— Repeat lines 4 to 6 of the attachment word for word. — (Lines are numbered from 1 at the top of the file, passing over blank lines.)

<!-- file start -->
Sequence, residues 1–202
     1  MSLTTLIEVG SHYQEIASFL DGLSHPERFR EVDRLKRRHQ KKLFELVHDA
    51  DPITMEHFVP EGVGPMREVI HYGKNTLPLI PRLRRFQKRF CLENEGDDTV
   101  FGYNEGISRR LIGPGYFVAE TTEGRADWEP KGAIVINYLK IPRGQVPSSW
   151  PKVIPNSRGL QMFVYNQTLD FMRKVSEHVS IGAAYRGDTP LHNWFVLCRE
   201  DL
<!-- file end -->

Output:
   101  FGYNEGISRR LIGPGYFVAE TTEGRADWEP KGAIVINYLK IPRGQVPSSW
   151  PKVIPNSRGL QMFVYNQTLD FMRKVSEHVS IGAAYRGDTP LHNWFVLCRE
   201  DL